The Wildness in Wild Things

Photo by Art Farmer (Evansville, Ill.), courtesy of Wikimedia Commons (Firefly 0877)

Photo by Art Farmer (Evansville, Ill.), courtesy of Wikimedia Commons (Firefly 0877)

A few weeks ago I read a magazine article written by a young woman who was recalling fond memories of watching fireflies on summer evenings as a child with her family. Her parents would bring along a large cage and give it to the girl and her brother so they could catch the fireflies. Children love to run and try to catch animals. Just watch any toddler waving her arms and stampeding a flock of pigeons. But these fireflies stayed in their cage.

When the family left the park at the end of the evening, they took the firefly cage with them and the parents placed it in the children’s bedroom. A living little nightlight. By the time the children woke up the next morning, the firefly cage was gone, discreetly spirited away by their parents during the night so the brother and sister wouldn’t see what happened while they slept.

The fireflies had died.

The writer’s language, as she recounts her later discovery of this gentle deception, shows an uneasy awareness of the insects’ plight, her description of “the dead little bodies,” with their “half-dried wings and quivering, then quiet, legs” demonstrating an empathy with their suffering, even as she never explicitly acknowledges that caging them was wrong. Later in the article, she cites the statistic that fireflies in the wild live for around two months, while those that they caught and caged died within twelve hours, but says nothing further on the subject. The remembrance of the firefly nightlight that she and her brother shared leads the writer instead to reflections on change and mortality.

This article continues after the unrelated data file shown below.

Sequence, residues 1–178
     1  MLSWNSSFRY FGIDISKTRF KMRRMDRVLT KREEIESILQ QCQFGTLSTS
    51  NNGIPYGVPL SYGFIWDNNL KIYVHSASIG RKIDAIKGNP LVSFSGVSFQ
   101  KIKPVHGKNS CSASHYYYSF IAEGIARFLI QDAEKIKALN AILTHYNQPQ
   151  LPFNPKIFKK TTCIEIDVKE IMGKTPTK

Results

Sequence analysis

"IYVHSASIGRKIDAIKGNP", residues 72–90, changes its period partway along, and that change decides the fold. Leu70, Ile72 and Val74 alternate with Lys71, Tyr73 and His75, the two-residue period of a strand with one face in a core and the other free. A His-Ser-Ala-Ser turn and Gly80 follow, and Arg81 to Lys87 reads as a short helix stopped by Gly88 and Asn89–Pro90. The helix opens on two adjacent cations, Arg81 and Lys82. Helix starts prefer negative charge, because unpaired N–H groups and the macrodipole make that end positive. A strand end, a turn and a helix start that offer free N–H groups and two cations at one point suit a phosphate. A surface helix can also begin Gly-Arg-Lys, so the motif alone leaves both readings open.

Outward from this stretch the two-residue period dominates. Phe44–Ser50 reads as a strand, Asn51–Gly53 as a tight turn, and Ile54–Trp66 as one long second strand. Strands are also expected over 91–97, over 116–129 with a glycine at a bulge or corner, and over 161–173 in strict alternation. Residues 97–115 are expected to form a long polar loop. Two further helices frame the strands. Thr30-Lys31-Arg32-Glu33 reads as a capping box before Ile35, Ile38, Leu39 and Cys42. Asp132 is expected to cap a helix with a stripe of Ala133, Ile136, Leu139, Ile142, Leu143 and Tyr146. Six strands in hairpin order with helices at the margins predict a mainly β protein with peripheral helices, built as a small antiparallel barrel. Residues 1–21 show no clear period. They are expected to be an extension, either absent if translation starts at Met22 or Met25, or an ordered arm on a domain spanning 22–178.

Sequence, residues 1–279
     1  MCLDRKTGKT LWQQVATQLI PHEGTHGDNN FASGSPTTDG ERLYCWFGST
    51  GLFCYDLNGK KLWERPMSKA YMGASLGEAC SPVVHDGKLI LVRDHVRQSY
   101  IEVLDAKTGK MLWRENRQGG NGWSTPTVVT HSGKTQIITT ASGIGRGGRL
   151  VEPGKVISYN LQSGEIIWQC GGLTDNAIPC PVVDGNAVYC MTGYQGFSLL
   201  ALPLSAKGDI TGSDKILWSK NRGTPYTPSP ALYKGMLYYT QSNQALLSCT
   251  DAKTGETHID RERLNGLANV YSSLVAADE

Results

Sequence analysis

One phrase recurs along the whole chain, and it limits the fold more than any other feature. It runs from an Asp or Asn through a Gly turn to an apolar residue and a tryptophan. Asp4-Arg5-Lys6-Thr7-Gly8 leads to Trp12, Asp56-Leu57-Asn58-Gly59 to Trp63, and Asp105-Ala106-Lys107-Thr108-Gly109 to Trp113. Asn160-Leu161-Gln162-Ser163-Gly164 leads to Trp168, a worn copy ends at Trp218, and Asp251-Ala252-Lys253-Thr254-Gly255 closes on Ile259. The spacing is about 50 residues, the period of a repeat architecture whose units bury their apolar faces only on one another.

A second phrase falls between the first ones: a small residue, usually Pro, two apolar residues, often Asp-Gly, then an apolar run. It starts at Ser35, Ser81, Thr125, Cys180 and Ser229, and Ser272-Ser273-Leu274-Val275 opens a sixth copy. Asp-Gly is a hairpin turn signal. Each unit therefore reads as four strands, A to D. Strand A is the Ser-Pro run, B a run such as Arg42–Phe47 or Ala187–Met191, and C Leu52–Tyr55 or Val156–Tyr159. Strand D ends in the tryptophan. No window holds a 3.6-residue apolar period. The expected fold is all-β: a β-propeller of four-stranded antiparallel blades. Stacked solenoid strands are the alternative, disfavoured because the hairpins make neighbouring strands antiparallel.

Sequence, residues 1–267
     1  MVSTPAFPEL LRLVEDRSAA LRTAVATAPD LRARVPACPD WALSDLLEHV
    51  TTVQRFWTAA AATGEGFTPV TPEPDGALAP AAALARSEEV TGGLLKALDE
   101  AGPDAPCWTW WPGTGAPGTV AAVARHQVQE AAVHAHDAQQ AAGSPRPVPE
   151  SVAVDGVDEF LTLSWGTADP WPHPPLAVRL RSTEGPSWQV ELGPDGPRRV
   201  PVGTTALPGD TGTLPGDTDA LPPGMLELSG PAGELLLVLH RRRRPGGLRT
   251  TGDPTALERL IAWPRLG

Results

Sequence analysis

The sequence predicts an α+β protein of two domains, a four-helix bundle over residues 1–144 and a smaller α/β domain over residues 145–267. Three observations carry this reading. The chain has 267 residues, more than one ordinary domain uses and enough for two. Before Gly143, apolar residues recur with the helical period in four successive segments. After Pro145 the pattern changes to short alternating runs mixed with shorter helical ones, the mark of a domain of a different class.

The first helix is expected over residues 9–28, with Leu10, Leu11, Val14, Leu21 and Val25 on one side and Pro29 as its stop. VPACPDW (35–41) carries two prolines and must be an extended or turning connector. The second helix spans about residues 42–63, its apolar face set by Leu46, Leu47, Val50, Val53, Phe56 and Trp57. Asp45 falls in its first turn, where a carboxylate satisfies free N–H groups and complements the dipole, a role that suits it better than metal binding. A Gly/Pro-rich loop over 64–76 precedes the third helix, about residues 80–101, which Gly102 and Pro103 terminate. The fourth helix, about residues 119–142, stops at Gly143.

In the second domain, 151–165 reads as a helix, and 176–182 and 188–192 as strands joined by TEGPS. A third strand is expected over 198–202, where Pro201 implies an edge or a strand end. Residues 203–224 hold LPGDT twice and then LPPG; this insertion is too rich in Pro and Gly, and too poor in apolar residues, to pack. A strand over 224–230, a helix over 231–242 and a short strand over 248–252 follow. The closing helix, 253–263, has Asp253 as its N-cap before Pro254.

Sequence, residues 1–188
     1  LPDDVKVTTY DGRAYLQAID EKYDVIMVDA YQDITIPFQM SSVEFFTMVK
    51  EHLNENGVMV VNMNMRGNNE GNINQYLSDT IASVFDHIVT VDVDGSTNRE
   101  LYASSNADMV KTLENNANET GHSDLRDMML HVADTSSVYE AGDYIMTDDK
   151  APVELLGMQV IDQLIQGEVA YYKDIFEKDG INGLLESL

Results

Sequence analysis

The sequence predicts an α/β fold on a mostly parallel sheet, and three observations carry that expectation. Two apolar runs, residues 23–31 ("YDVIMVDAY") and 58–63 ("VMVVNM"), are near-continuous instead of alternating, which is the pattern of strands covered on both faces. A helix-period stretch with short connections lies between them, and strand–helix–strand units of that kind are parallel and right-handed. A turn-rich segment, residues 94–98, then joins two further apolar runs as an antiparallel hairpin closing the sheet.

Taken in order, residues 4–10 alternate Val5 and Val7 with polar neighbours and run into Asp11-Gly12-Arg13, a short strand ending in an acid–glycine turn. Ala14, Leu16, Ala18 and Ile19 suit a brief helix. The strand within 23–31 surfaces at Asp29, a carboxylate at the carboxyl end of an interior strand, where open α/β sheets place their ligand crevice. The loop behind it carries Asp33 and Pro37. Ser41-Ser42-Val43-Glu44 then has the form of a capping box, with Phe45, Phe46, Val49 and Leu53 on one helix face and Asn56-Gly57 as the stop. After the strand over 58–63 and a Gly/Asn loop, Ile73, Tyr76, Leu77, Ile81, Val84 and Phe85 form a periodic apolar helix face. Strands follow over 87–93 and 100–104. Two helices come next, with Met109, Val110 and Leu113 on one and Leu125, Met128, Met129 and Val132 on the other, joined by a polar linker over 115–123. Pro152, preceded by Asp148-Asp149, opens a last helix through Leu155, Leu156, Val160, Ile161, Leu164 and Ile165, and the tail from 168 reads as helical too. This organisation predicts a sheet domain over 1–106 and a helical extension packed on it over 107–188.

The lessons parents teach their children about our relationship with nature are so lasting and important, lessons that will influence their attitude toward the earth and its creatures throughout their lives. My parents and I enjoyed watching fireflies, too, but it would never have occurred to any of us to try to capture the little creatures. My mother in particular valued the wildness in wild things and reveled in the free and untrammeled workings of nature. Any animal or plant, any stray cat, any bird, any wild creature had a right to its existence.

Fireflies are living creatures, not toys to be gathered for our use and then discarded. The lives of these insects have a place in the world, of spiritual value to humans, of essential value to the creatures themselves, and ecological value to the world in which they live.

Thanks to Amber Foxx for her assistance in editing this post.

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